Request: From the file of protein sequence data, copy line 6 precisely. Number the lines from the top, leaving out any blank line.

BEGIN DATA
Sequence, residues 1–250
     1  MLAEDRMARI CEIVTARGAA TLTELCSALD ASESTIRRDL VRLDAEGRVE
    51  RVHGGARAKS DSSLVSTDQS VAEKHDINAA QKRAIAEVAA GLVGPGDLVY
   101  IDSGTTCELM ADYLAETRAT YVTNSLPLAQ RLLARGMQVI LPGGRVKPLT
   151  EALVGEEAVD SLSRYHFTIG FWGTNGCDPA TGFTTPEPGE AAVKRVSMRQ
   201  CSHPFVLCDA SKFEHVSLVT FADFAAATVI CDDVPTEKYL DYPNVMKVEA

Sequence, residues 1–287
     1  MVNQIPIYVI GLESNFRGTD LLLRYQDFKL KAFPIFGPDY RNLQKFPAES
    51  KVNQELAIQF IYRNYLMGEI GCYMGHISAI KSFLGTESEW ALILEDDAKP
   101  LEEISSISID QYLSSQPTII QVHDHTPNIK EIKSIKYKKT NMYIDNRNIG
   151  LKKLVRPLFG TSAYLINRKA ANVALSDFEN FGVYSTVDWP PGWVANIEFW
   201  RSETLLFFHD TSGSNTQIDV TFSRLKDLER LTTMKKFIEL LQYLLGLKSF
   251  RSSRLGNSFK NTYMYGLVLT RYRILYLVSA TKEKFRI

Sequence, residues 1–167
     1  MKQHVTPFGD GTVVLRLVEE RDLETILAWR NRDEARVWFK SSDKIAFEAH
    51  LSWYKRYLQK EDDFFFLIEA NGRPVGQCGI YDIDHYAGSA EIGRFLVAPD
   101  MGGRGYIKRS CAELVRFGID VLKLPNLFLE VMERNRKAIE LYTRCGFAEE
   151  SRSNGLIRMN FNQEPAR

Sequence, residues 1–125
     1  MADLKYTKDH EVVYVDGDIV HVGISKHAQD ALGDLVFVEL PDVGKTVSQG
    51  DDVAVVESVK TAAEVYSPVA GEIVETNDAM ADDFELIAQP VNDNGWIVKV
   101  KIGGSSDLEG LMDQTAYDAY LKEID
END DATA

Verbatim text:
   201  CSHPFVLCDA SKFEHVSLVT FADFAAATVI CDDVPTEKYL DYPNVMKVEA